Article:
Foreign investors slowed their net purchases of U.S. corporate bonds by almost 24% in October from a year earlier as a rash of accounting scandals, a volatile stock market and disappointing returns on the bonds eroded demand.
Net foreign buying of U.S. corporate bonds totaled $10.4 billion in October, down from $13.6 billion a year earlier, the U.S. Treasury Department reported Monday.
"A lot of it has to do with corporate malfeasance," said David Gilmore, a partner at FX Analytics in Stamford, Conn. "Some fairly high-level bankruptcies for U.S. firms also would feature into greater risk aversion among foreign investors." A data firm reported Monday that U.S. corporate bankruptcies hit a record high this year, when measured by the assets of the filing companies.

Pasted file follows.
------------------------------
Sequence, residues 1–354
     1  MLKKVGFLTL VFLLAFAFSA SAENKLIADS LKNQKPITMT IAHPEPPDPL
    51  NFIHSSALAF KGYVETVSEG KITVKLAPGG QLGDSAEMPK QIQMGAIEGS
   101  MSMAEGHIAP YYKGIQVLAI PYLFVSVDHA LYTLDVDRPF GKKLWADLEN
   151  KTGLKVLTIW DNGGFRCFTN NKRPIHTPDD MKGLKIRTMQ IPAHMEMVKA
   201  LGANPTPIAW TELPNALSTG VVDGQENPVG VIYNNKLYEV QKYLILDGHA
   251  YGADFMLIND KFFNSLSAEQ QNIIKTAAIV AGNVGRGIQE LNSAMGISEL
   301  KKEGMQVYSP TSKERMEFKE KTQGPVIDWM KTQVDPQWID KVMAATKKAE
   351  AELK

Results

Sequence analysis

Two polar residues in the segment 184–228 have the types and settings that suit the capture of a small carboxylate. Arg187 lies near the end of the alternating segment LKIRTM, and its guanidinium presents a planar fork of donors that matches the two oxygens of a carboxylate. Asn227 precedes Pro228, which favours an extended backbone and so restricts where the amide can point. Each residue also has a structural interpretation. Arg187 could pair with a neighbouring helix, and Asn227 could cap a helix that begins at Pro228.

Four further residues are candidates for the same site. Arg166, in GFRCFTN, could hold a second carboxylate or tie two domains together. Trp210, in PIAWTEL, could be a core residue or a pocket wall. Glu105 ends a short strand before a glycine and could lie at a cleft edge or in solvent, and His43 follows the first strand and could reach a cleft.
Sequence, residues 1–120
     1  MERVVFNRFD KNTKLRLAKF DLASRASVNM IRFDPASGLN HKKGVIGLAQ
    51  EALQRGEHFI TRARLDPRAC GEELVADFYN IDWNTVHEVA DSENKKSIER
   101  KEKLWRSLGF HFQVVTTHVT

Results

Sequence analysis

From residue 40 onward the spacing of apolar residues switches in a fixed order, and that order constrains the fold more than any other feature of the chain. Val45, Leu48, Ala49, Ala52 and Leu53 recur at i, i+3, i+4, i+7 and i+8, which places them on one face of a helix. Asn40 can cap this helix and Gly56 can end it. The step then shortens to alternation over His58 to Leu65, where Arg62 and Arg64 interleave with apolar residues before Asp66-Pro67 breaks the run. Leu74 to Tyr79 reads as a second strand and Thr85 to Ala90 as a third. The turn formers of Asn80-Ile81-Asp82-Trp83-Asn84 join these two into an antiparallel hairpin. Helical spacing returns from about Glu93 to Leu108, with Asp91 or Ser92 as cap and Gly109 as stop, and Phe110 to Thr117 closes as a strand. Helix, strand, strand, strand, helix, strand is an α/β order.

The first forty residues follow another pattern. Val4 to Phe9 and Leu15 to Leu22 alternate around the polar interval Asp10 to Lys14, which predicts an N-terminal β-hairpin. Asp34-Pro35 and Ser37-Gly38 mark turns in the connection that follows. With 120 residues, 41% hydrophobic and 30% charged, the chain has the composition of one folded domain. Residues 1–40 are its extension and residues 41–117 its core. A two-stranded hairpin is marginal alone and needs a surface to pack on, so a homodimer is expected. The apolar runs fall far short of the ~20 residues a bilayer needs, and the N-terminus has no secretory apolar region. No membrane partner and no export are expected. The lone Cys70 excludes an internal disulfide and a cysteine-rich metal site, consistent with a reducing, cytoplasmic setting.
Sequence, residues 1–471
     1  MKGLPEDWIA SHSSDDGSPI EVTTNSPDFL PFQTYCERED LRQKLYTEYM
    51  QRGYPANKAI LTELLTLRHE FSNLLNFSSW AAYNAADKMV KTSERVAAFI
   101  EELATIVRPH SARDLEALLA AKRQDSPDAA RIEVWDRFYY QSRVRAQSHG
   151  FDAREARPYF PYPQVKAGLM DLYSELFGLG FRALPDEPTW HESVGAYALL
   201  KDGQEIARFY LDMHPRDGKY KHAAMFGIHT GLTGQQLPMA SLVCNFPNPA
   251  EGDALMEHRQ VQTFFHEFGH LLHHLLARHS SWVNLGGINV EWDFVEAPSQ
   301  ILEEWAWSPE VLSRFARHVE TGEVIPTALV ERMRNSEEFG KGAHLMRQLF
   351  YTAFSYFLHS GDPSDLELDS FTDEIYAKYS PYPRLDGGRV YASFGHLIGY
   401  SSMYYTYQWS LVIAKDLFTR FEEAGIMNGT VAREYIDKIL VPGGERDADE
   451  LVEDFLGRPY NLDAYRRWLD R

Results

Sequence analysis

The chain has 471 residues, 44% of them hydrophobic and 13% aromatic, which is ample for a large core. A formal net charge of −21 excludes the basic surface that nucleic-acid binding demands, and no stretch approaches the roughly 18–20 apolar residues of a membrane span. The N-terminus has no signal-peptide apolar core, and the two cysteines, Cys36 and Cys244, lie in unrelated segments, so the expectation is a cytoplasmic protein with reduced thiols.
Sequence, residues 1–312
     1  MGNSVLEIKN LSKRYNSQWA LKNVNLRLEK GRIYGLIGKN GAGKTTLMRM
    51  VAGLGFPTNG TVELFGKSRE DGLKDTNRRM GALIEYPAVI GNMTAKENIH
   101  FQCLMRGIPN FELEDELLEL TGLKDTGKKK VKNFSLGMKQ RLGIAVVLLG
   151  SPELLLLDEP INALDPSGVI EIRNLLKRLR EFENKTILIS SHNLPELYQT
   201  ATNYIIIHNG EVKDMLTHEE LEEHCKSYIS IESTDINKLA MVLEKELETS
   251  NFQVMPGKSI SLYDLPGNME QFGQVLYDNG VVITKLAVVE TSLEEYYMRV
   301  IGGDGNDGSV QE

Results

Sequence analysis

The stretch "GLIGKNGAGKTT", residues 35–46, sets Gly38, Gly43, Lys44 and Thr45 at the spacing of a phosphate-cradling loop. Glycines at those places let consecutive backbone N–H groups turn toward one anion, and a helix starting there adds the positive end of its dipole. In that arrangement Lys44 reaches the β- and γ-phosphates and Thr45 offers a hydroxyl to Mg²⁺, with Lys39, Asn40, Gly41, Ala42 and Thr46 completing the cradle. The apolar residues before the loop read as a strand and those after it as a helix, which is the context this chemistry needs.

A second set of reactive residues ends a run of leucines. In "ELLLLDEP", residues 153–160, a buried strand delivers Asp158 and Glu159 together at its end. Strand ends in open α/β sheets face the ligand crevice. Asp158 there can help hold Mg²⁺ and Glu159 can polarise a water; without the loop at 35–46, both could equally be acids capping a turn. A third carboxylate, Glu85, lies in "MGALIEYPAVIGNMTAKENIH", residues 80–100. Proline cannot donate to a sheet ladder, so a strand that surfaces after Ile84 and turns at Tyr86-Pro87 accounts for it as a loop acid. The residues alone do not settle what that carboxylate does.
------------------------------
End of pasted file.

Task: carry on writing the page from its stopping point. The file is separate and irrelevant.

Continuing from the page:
October marked the second month of slumping overseas demand. Foreign investors bought just $3.7 billion of corporate debt in September, down 63% from a year earlier.
Although stocks rallied in the latter half of October, corporate bonds posted a loss of 1.3% that month, according to Merrill Lynch & Co.
Foreign investors were a mainstay for the corporate bond market last year, helping companies sell a record $818 billion of debt. International capital flows to corporate bonds and other U.S. assets have been a key support for the dollar, and some analysts have worried that the greenback could be vulnerable if foreign flows slump.
"It certainly takes some of the wind out of the sails for the U.S. dollar," said T.J. Marta, a foreign exchange analyst for Citigroup.
According to data compiled by Citigroup, net foreign buying of all U.S. securities -- including Treasuries, corporate bonds, agency debt and stocks -- came to $397 billion through October, down from $430 billion in the year-earlier period. Foreign net purchases of corporate bonds fell 23% through October to $148 billion from $192 billion in the same period last year, according to Treasury data.